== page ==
Holidays are fast approaching and with that comes gatherings and the intrusive questions. Here comes a written rant to hopefully make some of us think before we ask or make unwelcome comments.
Holidays are fast approaching and with that comes gatherings and the typical intrusive questions. Here comes my written rant to hopefully make some of us think before we ask or make unwelcome comments.
Asking someone who has been in a long relationship when they are going to get married is almost on the same level as asking someone when they are going to have kids. First, it’s really none of your business, maybe the first question should be “do you want to get married?” and from their response you can continue to ask questions and not mind your business.
I get it, especially in the Latino culture, it’s shocking to be in your late 20’s, early 30’s, or in a long term relationship and not be engaged, married or not have kids. Now, I have nothing against people engaged, married or with kids. I actually think it is amazing but everyone moves at their own pace. If a couple wants to get married 3 months after meeting on Tinder, hey–that’s them. If they want to get married 12 years after being together or never get married then that’s also their damn problem. It doesn’t affect your life whatsoever, it’s just that some of us are ingrained with the concept that our life cycle involves a relationship, a few years committed, ring, marriage, kids.
Now, I am not saying I don’t want my boyfriend to be my husband, I really like how that sounds but it’s not my main priority in my relationship. I have been in a lonnng relationship and I think the fact that we have been able to work on the multiple ups and downs shows how much our love for each other is worth fighting for and no marriage license or ceremony is going to be more powerful than that. And no, I am not trying to diminish the value of this sacred communion (I’m not religious at all FYI). I think it’s great that many hold such level of value, passion and respect towards it but don’t assume everyone has to think like you, value things like you, or prioritize like you, that is where my issue lies.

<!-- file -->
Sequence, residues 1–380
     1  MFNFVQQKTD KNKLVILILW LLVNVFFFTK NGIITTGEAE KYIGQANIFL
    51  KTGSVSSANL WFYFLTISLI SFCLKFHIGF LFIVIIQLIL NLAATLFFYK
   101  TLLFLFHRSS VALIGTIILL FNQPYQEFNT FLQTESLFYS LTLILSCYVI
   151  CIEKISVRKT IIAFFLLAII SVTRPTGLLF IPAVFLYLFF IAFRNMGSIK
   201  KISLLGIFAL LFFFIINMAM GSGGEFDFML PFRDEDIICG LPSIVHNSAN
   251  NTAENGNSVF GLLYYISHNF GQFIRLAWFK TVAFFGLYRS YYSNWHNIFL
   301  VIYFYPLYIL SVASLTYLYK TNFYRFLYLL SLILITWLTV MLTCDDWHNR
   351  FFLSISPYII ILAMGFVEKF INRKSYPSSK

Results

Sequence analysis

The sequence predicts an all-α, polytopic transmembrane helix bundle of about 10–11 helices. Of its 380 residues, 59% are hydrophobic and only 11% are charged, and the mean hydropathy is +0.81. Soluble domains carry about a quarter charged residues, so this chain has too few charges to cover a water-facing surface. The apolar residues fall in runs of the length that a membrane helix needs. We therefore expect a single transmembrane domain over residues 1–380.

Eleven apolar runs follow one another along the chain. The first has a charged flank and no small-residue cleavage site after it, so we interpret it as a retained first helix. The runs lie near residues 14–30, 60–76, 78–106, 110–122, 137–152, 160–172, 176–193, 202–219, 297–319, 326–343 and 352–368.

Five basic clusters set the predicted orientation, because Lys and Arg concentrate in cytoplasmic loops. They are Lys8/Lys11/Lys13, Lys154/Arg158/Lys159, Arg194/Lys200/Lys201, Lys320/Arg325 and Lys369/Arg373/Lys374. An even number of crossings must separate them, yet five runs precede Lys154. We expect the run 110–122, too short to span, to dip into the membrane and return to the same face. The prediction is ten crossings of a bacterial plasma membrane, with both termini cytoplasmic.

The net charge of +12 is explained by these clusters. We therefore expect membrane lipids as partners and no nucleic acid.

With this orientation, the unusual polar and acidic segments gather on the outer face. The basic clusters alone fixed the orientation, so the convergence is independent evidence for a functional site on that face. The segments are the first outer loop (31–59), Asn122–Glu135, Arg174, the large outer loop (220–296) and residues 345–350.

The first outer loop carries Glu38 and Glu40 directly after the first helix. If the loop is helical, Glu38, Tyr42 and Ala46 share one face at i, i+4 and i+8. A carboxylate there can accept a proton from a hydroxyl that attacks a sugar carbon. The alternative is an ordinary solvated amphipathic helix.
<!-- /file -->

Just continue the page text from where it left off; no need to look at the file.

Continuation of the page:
I personally think the same applies to asking someone when they plan on having kids as if you are assuming they want any or they are not already trying. I know people who really are trying to get pregnant and they simply can’t at the moment and this intrusive question hits a nerve and may be hurtful.
For the ones who are not sure if they want any kids or maybe do not want any period, asking this question over and over becomes frustrating especially when you actually respond and say “at [insert age in 30’s] and they respond “oh no, you will be too old then and will not enjoy them.” So you wanted an answer, I gave you one, and now it’s not the right one–give me a break! Then, your question should have been “you are only getting older, shouldn’t you start having kids now?” to what I respond, in my head, “no the fuck I’m not” or “if it means my kids will turn out like yours, I’ll just sell my ovaries instead.”
I think some people are getting better with this, but others insist with this question as if the creation of kids would somehow complete me, validate my existence, or make me happier.
But one of the reasons I am honestly writing this is the feeling I get when I am asked these questions. First, I don’t really care about how nosy you are, but there are times I get this feeling that I am being judged because I am not fulfilling an imaginary timing protocol. It’s like your question implies an attempt to define how my life should evolve. Or that for some reason, I am not good enough yet because I don’t have a ring on my finger, have a marriage certificate or kids. I know I have to work more on not caring what others think and work on not creating imaginary judgments passed upon me. But the people who also ask those questions should reflect a little more before asking them.
Are you asking because you genuinely care about my thoughts on my future family or are you asking to be nosy or to make a statement on how I should be planning my future and insinuating I should put more urgency in it. But urgency to what?
It’s 2018, it’s not like I am waiting to get married to lose my virginity or I have a life expectancy of 45 years–it always kills me when others say I’m too old to have kids and won’t enjoy them, what are they a piece of ice-cream? Are they going to melt as time passes?